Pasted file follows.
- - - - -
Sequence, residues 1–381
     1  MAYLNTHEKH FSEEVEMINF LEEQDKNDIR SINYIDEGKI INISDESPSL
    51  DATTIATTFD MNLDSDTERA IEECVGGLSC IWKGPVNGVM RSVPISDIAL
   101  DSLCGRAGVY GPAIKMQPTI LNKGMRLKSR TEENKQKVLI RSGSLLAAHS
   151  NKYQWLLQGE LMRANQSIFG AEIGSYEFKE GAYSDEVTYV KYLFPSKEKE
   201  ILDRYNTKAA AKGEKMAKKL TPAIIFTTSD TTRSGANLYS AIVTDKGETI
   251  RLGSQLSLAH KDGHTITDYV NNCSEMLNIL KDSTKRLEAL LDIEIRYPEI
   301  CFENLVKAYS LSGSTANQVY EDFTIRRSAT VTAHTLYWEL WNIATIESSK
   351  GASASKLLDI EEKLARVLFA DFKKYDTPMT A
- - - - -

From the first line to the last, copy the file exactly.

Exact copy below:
Sequence, residues 1–381
     1  MAYLNTHEKH FSEEVEMINF LEEQDKNDIR SINYIDEGKI INISDESPSL
    51  DATTIATTFD MNLDSDTERA IEECVGGLSC IWKGPVNGVM RSVPISDIAL
   101  DSLCGRAGVY GPAIKMQPTI LNKGMRLKSR TEENKQKVLI RSGSLLAAHS
   151  NKYQWLLQGE LMRANQSIFG AEIGSYEFKE GAYSDEVTYV KYLFPSKEKE
   201  ILDRYNTKAA AKGEKMAKKL TPAIIFTTSD TTRSGANLYS AIVTDKGETI
   251  RLGSQLSLAH KDGHTITDYV NNCSEMLNIL KDSTKRLEAL LDIEIRYPEI
   301  CFENLVKAYS LSGSTANQVY EDFTIRRSAT VTAHTLYWEL WNIATIESSK
   351  GASASKLLDI EEKLARVLFA DFKKYDTPMT A